UEFA president Michel Platini has told the official Euro 2012 kick-off press conference that any player who leaves the pitch due to racist abuse will be given a yellow card.
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Platini confirmed that the rule preventing players from leaving the field of play without the referee's permission would be enforced even if they are the victims of racism from the stands in Poland and Ukraine.
The comments came after Mario Balotelli last week threatened to walk off the pitch if he suffered racist abuse during Italy's Euro 2012 games - and Platini confirmed he would be punished in that event.
"It's a yellow card," Platini said at a Warsaw press conference dominated by the theme of racism. "We'd certainly support the referee if he decided to stop the game. It's not a player, Mr Balotelli, who's in charge of refereeing. It's the referee who takes these decisions.
"So the referee has been given advice and he can stop the game if there are problems. We will stop the game if there are problems because I think racism is the worst of this.''
UEFA's chief refereeing officer, Pierluigi Collina, underlined Platini's sentiment, insisting the teams had been informed of the procedure in the event of racist abuse being a problem.
"Things are clear,'' he said, confirming that officials had also been fully briefed. "Referees have a protocol so they know what they have to do. The match director, who is responsible for each match, knows what has to be done on the field of play."
Platini, though, refused to be drawn on the findings of last week's BBC Panorama programme, as well as Sol Campbell's warning that black fans who travel to the tournament risk "coming back in a coffin''.
The Frenchman, who was increasingly angered by the line of questioning, added: "What would you like me to say? How would you want me to answer this?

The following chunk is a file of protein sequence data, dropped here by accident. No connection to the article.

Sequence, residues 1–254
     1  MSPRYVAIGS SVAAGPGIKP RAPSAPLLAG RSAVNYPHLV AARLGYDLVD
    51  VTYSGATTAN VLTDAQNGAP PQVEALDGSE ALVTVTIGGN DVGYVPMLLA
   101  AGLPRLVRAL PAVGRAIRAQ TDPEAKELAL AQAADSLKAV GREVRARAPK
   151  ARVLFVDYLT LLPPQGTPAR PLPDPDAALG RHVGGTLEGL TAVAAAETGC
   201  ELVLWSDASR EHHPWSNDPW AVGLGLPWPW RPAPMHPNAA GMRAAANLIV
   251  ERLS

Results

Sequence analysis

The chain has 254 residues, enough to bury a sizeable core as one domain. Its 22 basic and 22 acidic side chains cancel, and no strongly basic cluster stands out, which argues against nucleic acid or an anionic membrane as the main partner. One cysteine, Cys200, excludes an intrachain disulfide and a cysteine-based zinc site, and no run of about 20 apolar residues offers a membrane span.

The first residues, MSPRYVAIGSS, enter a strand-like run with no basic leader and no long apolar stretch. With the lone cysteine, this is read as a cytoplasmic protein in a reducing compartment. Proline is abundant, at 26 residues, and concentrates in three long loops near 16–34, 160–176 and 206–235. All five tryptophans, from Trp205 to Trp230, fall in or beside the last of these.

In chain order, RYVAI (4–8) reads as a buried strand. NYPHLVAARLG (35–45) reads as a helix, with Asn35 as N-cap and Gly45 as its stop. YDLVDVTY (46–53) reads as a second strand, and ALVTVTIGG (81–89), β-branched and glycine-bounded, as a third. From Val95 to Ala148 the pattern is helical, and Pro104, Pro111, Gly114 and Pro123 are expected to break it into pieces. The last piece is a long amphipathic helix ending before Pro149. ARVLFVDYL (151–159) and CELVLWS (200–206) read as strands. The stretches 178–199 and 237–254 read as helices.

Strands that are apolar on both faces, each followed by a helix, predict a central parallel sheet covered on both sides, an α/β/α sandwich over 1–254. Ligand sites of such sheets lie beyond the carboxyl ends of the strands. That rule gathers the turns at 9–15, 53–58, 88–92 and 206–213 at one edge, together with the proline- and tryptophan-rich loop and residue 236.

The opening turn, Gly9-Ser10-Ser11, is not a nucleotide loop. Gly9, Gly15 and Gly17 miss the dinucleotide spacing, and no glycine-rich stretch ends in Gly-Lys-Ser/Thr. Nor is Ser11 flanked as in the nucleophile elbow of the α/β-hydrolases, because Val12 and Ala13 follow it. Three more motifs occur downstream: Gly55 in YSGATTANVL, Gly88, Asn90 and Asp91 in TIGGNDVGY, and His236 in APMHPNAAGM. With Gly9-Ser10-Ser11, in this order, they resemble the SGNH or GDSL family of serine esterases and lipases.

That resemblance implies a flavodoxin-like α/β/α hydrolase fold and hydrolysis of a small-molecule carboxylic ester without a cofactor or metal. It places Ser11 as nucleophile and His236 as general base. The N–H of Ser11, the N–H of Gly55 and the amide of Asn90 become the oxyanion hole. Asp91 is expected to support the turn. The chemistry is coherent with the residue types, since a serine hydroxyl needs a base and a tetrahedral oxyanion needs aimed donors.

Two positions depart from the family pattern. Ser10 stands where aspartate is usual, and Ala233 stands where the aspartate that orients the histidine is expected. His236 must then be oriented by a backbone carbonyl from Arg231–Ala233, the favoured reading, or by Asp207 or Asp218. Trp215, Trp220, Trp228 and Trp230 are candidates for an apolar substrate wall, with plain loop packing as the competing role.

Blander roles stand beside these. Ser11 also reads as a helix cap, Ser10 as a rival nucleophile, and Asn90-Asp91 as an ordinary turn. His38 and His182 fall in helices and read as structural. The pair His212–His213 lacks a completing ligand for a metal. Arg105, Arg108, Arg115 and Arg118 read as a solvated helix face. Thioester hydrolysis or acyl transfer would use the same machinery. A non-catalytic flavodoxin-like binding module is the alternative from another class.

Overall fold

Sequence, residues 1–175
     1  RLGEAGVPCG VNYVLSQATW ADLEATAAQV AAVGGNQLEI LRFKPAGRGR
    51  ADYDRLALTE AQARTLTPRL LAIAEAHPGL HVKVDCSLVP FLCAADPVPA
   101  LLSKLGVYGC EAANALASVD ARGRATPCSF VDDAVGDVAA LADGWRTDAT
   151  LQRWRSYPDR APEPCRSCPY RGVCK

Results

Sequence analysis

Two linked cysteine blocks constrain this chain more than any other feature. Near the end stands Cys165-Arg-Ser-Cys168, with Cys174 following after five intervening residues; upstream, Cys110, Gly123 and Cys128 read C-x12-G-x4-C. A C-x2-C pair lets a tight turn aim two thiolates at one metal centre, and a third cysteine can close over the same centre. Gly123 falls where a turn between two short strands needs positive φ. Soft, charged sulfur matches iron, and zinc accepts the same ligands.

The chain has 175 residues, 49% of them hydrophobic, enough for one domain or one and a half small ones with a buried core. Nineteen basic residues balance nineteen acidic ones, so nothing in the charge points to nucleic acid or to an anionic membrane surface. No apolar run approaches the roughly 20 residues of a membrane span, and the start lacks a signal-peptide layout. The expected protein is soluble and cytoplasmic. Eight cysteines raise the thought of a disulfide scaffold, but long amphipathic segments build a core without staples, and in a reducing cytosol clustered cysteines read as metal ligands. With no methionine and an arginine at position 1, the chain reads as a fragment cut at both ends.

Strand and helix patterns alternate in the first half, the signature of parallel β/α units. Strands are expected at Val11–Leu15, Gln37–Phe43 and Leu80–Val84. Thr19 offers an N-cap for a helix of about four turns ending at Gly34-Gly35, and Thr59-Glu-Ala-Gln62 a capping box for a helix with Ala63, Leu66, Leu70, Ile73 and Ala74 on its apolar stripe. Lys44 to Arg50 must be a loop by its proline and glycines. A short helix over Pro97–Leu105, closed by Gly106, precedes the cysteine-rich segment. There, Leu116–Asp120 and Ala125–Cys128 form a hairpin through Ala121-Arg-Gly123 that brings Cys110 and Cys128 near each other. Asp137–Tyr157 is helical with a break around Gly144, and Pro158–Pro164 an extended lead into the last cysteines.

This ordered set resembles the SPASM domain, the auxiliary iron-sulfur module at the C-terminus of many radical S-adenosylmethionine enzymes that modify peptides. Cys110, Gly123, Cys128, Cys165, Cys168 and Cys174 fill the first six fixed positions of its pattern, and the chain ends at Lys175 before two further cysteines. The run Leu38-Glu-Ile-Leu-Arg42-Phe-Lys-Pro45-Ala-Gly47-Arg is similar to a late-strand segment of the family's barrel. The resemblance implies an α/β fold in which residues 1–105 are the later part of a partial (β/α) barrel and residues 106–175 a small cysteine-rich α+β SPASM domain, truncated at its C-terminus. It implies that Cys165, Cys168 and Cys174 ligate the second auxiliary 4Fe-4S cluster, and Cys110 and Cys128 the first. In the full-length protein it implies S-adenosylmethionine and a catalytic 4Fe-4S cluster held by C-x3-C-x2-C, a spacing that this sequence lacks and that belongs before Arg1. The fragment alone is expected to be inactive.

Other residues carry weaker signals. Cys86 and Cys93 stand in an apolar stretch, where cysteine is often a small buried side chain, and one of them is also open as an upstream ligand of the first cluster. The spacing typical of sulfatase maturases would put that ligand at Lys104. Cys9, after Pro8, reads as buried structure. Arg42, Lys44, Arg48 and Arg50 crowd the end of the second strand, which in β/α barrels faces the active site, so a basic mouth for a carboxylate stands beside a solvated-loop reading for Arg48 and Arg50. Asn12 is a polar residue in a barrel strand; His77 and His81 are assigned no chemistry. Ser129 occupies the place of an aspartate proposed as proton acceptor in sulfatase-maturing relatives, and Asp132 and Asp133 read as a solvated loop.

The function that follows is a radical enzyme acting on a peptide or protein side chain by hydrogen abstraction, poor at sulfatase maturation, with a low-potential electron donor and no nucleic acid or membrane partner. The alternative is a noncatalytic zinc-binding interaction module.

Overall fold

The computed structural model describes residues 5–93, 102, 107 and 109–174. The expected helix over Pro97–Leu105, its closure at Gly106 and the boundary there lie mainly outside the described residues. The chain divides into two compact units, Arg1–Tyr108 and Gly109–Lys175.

"Everyone can do what they like. I don't think there's any more racism in Poland and Ukraine than in France or anywhere else, or even in England. It's not a footballing problem. It's a problem for society.
"I'm not charge of what goes on in football stadiums. It's the states that need to take charge of this. There have been problems with violence in the 1970s in England.
"They made great strides actually to change the situation, and we need to do work in the field of racism and we need to stop this from happening. How can you say outside the stadium: 'He's a racist - he can't come in, he's not a racist - he can come in'? You can't do it."
Piara Powar, the executive director of Football Against Racism in Europe (FARE), remains confident that UEFA’s plan to tackle racism is satisfactory.
“For us, the UEFA system is three strikes and you're out,” Powar said. “Fine and then another fine and then a ban or forcing teams to play behind closed doors. If the system is in full effect, we could have a team kicked out of the competition for far-right banners.”
He added: “There is no question we are worried about this tournament more than any other. I think Platini understands what is going on.
“There is actually a process in place where we have 31 independent international monitors. It is the job of these guys not to just look out for the obvious racism but the nuanced issues. It is certainly not the job of the referee to pick out banners and discriminatory chants.”